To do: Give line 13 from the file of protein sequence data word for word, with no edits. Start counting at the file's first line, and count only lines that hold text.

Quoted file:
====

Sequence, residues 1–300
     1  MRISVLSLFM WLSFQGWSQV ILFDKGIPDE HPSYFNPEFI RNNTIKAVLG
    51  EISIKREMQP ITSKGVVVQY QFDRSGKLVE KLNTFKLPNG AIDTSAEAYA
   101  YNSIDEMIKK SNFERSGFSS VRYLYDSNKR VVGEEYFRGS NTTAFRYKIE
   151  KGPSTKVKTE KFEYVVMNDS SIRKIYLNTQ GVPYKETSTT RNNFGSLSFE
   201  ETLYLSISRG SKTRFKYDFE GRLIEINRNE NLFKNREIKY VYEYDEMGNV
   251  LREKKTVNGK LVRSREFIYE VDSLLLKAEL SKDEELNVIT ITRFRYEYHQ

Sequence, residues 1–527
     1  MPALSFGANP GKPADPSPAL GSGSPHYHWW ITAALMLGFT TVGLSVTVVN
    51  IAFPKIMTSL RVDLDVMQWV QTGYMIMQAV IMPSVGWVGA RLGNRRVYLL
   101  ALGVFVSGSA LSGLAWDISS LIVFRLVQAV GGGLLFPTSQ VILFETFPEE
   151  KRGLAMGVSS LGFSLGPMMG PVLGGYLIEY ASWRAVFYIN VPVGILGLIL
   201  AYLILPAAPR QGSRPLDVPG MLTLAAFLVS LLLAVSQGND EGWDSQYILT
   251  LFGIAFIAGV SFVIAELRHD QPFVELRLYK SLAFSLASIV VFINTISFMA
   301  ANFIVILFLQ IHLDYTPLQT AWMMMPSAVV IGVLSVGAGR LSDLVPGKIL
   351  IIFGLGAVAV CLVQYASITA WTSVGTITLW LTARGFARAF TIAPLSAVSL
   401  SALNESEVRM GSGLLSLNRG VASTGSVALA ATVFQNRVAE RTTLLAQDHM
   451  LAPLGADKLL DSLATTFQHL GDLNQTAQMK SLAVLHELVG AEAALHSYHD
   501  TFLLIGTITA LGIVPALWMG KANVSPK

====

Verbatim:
   201  AYLILPAAPR QGSRPLDVPG MLTLAAFLVS LLLAVSQGND EGWDSQYILT